walkable,' said Deputy Mayor Bill Morse, a downtown resident and walker,
speaking at a brief ceremony on City Pier Wednesday..."

Source: http://tinyurl.com/dqoda
Archive search: http://tinyurl.com/aka86
Archive cost: No
Title: "Health Trail Celebrates New London's Walkability"
Author: Judy Benson
<back to top>


-> According to a Sept. 22nd Seattle Post-Intelligencer article, "Houston
has a lot more drivers than New Orleans, making for a crowded getaway as
motorists flee southeastern Texas in advance of Hurricane Rita. Residents
of the Houston area have more than 2.7 million cars and trucks by the
government's count. That is more than three-and-a-half times as many
vehicles as there were in greater New Orleans before Hurricane Katrina
devastated that region, according to the U.S. Census Bureau. Highways
leading inland from Houston were gridlocked and on some highways vehicles
backed up for 100 miles as millions of residents heeded orders to
evacuate. 'Texas has never seen anything like this,' said Mike Cox,
spokesman for the Texas Department of Transportation. 'Literally, millions
of people are trying to get out. The roadways are all clogged up at
unprecedented levels.'

"To help ease traffic snarls, Gov. Rick Perry early Thursday ordered a
130-mile stretch of Interstate 45 north of Houston to become a one-way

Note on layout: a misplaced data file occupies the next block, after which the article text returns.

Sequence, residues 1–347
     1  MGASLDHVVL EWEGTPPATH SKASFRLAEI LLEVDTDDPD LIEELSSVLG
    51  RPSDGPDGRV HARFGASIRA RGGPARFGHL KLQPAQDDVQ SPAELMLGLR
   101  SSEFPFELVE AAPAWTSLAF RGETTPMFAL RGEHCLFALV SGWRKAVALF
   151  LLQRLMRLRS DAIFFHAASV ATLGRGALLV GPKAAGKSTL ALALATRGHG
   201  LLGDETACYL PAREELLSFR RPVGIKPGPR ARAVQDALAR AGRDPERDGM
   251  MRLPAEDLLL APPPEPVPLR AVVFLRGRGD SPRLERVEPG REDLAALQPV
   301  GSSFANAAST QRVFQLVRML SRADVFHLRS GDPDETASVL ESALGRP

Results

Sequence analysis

highway out of the hurricane's path. Interstate 45 is the main highway
between Dallas and Houston. Local officials warned residents to get out,
and told them they would not be rescued if they waited. Getting out is not
so simple for many residents. More than 83,000 households in Houston --
about 11.6 percent of the city -- had no vehicle as of 1999, according to
the latest figures available from the Census Bureau. Throughout the
Houston-Galveston-Brazoria metropolitan area, 127,000 households, or 7.8
percent, had no vehicle. By comparison, 27.3 percent of households in New
Orleans -- about 51,400 -- had no vehicle before Katrina hit the area,
according to Census figures..."

Source: http://tinyurl.com/cpre8
Archive search: http://tinyurl.com/a9mgt
Archive cost: No
Title: "Houston traffic complicates evacuation"
Author: Stephen Ohlemacher
<back to top>


-> According to a Sept. 21st Portland Oregonian article, "Conventional
wisdom among urban planners says that if suburbs were designed with more